Pat Quinn stepped up and assumed the helm of the tumultuous freefall that was our state’s economy. Pat Quinn delivered his promise to the people of Illinois, to bring jobs, to right the ship, promise to lead us back to stability. He has made great ground, but his turn at the helm is not over yet.
Today more Illinoisans are working than five years ago. Since January 2010, Illinois has added 257,000 private sector jobs.
Under Quinn’s leadership, Illinois acquired more than 18,000 new business establishments since 2009, a number that was third in the country.
Quinn created the Illinois Small Business Tax Credit so businesses with 50 or fewer employees receive tax credits for new, full-time Illinois jobs. He also extended the Research and Development Tax Credit to help foster economic growth and innovation by providing Illinois companies with an incentive to increase their research activities in the state
Is it easier to stand in front of people and say what you think the people want to hear, to propose what you think you will do, or to throw money at them in an attempt to get them to vote for you. It is infinitely harder, to stand and say with conviction what is real, and stand on your record of what you have done when there is still so much to do.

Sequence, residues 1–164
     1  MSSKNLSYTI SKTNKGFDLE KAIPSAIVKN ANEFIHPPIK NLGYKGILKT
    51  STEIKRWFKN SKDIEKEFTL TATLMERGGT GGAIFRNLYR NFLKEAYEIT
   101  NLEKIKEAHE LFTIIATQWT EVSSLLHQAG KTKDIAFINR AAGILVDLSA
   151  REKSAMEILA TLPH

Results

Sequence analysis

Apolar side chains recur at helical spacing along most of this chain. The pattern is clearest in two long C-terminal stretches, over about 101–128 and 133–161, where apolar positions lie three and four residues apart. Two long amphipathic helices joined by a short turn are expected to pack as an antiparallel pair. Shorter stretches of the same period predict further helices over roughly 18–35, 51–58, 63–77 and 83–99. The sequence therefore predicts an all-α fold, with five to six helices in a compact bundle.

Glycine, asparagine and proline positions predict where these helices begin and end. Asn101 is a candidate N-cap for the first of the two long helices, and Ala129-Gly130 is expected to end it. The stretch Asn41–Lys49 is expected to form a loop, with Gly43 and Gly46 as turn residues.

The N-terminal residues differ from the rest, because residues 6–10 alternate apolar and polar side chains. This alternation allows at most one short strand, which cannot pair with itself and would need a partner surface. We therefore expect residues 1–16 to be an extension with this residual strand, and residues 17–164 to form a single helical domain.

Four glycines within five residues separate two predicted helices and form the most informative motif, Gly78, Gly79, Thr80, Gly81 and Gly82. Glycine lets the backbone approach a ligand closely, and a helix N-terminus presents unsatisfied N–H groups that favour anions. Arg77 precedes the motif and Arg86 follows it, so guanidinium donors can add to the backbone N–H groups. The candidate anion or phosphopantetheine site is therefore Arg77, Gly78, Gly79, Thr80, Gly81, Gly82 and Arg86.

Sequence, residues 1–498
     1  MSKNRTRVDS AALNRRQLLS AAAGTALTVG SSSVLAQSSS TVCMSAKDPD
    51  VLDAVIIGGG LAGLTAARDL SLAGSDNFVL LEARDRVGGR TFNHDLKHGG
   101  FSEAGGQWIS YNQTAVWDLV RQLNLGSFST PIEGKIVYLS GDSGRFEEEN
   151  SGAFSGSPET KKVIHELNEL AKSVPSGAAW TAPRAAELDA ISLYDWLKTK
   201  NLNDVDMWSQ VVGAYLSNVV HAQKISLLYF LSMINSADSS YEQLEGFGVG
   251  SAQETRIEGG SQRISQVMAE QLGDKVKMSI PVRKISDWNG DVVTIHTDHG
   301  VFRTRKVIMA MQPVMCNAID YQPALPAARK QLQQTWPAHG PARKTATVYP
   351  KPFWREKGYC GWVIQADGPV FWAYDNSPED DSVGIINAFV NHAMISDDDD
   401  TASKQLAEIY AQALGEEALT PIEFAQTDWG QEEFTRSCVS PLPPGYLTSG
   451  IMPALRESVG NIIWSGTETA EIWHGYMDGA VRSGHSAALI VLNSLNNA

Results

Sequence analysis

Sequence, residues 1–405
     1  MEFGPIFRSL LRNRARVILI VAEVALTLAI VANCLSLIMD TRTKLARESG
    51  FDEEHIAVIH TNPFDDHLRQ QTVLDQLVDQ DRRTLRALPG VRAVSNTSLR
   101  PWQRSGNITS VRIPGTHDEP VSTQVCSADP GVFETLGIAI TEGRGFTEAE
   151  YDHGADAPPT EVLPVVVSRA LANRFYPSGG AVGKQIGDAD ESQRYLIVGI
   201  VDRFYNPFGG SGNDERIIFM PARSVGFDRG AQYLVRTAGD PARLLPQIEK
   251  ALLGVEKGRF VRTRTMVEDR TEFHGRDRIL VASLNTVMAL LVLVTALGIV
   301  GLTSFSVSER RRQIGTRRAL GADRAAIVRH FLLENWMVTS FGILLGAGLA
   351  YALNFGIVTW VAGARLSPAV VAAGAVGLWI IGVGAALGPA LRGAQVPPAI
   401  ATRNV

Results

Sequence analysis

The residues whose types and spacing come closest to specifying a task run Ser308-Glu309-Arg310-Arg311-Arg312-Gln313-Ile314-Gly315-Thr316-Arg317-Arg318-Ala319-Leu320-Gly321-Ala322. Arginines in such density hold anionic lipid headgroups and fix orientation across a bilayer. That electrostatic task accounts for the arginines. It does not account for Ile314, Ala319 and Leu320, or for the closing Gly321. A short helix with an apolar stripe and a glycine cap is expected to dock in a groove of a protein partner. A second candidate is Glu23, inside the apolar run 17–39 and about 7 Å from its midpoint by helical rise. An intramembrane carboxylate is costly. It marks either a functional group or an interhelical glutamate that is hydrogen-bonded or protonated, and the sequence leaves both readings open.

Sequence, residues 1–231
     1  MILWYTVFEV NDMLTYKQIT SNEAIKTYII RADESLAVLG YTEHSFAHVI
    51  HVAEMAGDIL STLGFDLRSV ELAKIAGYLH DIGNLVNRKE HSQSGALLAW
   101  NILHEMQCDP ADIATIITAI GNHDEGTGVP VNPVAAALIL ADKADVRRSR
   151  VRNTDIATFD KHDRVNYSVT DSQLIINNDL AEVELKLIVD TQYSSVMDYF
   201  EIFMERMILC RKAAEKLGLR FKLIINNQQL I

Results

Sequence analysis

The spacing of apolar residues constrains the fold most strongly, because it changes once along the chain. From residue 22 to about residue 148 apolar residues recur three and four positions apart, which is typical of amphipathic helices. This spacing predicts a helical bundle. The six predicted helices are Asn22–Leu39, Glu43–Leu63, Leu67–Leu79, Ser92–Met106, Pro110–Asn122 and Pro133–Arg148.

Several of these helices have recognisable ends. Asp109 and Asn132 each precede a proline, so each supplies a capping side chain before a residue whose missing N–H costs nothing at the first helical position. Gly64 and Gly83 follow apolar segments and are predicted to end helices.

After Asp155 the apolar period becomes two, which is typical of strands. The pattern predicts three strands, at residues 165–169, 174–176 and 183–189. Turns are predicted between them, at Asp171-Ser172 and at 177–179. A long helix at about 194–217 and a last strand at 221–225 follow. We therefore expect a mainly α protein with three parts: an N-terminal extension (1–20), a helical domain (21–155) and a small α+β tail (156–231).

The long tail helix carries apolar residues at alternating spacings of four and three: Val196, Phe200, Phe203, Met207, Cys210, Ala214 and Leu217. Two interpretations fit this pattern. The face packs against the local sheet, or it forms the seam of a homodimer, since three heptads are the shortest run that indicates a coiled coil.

We know that the work that Pat Quinn has done and what he has set in motion has set Illinois on the path for regeneration. He has made tough decisions that may not have been popular with the entire state, but were in the best interest of its people, and that’s what we elect a governor to do.
Weeks after being sworn in, Governor Quinn signed into law and launched Illinois Jobs Now!, the largest capital construction plan in Illinois history and the state’s first infrastructure plan in ten years.
Across the state, the program has the program has built and repaired 7,700 miles of road, 1,330 bridges, 1,048 schools and more than 3,000 miles of broadband have been laid.
Governor Quinn also led efforts to move forward with the construction of the South Suburban Airport, ending decades of gridlock. He also launched the $1 billion Illinois Clean Water Initiative to rebuild and repair Illinois’ aging drinking water and wastewater infrastructure.
Illinois’ Jobs Comeback by the Numbers: